, Volume 126, Issue 5, pp 559–575 | Cite as

Using human artificial chromosomes to study centromere assembly and function

  • Oscar MolinaEmail author
  • Natalay Kouprina
  • Hiroshi Masumoto
  • Vladimir Larionov
  • William C. EarnshawEmail author


Centromeres are the site of assembly of the kinetochore, which directs chromosome segregation during cell division. Active centromeres are characterized by the presence of nucleosomes containing CENP-A and a specific chromatin environment that resembles that of active genes. Recent work using human artificial chromosomes (HAC) sheds light on the fine balance of different histone post-translational modifications and transcription that exists at centromeres for kinetochore assembly and maintenance. Here, we review the use of HAC technology to understand centromere assembly and function. We put particular emphasis on studies using the alphoidtetO HAC, whose centromere can be specifically modified for epigenetic engineering studies.


Human artificial chromosomes Centromere Kinetochore CENP-A Mitosis 


Compliance with ethical standards


This work was supported by the Wellcome Trust, of which W.C.E. is a Principal Research Fellow (grant number 073915). O.M. was funded by the European Molecular Biology Organization (long-term EMBO fellowship; ALTF-453-2012). The Intramural Research Program of the NIH, NCI Center for Cancer Research (V.L. and N.K.) and MEXT KAKENHI grant numbers 23247030, 23114008 and the Kazusa DNA Research Institute Foundation (H.M.).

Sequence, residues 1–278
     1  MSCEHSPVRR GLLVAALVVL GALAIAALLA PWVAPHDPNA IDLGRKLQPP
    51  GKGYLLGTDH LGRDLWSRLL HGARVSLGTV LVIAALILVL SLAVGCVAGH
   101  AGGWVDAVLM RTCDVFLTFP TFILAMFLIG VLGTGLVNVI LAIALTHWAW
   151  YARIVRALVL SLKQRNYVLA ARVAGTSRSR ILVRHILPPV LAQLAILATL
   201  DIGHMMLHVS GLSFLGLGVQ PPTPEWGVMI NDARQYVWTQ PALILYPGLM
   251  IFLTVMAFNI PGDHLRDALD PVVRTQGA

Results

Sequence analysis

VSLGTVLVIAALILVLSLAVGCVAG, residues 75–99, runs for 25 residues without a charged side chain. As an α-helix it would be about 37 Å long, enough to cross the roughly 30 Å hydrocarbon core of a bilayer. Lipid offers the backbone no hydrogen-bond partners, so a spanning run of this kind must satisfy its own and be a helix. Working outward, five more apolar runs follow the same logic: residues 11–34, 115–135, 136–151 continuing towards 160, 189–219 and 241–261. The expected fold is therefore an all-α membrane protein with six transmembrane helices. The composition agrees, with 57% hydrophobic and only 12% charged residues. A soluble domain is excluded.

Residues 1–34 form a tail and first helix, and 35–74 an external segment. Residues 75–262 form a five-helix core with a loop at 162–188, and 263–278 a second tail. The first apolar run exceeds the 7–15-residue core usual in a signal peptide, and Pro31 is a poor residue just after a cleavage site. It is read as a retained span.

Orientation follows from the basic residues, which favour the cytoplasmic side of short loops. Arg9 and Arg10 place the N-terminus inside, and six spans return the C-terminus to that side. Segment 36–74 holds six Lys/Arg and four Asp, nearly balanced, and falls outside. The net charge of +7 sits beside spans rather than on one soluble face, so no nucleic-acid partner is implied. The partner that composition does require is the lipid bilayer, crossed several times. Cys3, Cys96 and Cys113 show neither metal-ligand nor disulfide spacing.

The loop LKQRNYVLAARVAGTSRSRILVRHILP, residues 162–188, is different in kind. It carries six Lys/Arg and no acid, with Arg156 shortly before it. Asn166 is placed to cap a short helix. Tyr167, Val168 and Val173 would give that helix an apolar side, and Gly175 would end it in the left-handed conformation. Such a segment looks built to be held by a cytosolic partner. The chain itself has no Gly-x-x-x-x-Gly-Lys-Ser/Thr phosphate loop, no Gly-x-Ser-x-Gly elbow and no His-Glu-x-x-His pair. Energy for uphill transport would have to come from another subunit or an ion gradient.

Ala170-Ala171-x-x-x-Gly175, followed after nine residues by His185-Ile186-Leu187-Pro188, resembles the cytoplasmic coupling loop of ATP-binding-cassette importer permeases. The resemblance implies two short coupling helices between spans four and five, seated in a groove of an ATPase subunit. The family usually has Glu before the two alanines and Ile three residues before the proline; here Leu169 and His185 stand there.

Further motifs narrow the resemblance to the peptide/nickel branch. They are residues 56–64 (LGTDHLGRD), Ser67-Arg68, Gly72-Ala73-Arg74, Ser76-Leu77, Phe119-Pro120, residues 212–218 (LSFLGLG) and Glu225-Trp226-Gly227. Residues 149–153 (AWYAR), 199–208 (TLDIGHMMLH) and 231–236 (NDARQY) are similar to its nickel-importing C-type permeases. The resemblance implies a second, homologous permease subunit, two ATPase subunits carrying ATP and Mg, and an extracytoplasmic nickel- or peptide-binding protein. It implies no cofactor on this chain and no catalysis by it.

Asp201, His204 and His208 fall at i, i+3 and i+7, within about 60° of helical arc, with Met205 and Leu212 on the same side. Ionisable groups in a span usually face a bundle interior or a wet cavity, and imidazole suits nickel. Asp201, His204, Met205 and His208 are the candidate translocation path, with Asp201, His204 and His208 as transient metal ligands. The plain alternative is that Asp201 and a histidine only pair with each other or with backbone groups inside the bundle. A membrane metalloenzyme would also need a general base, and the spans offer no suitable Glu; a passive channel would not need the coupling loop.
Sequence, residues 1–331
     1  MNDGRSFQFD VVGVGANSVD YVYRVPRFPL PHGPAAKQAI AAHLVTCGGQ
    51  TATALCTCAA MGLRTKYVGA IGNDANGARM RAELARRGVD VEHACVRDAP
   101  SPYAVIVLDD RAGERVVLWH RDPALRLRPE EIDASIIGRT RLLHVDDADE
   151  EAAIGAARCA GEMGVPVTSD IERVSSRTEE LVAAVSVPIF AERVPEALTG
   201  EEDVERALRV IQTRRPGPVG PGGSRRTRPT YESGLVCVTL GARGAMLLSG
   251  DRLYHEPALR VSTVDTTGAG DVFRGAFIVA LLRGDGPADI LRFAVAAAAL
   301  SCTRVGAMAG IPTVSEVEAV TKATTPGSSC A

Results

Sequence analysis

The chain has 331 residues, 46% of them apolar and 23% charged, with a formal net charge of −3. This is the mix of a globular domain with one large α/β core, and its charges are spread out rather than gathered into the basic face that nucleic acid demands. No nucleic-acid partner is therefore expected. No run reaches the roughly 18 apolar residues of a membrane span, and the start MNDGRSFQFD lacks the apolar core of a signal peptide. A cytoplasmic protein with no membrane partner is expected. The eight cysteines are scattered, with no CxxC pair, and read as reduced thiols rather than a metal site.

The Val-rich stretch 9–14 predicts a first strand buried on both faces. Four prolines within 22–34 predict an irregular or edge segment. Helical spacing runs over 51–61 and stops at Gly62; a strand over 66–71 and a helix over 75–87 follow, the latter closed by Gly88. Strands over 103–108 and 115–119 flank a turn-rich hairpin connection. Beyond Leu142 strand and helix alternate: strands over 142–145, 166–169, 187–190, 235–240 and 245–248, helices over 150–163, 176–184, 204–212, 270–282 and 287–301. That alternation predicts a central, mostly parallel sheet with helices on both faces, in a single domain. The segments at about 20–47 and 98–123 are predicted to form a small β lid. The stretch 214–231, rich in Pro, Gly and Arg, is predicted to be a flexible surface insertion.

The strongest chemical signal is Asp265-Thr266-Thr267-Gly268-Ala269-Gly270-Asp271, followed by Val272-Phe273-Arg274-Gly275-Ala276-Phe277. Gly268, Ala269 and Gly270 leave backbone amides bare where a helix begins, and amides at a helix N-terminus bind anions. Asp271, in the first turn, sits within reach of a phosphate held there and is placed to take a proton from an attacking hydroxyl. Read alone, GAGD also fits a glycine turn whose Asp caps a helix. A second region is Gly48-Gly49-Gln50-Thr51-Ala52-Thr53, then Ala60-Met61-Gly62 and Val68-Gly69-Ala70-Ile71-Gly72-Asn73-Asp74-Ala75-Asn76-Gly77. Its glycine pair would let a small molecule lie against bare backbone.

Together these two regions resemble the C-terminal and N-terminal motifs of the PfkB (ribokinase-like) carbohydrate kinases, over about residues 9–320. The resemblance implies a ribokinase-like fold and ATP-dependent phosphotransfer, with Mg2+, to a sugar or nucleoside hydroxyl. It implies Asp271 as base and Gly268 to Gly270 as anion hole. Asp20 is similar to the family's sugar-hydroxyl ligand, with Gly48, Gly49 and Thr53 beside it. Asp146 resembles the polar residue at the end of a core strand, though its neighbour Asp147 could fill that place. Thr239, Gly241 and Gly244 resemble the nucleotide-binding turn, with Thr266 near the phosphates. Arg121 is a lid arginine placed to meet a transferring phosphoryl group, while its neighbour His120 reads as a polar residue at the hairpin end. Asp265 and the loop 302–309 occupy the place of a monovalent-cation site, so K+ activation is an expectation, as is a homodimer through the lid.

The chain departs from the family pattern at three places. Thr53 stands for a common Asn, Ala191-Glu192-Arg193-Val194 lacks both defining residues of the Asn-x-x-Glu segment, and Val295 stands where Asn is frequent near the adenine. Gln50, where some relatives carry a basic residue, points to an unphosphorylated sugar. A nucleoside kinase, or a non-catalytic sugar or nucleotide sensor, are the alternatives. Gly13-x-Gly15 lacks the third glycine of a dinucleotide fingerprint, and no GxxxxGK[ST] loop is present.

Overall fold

Conflict of interests

The authors declare that they have no conflict of interest.

Ethical approval

This article does not contain any studies with human participants or animals performed by any of the authors.


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Copyright information

© Springer-Verlag GmbH Germany 2017

Authors and Affiliations

  1. 1.Wellcome Trust Centre for Cell BiologyUniversity of EdinburghEdinburghUK
  2. 2.Josep Carreras Leukaemia Research Institute. School of MedicineUniversity of BarcelonaBarcelonaSpain
  3. 3.Genome Structure and Function group, Developmental Therapeutics BranchNational Cancer Institute, National Institutes of HealthBethesdaUSA
  4. 4.Laboratory of Cell Engineering. Department of Frontier ResearchKazusa DNA Research InstituteKisarazuJapan

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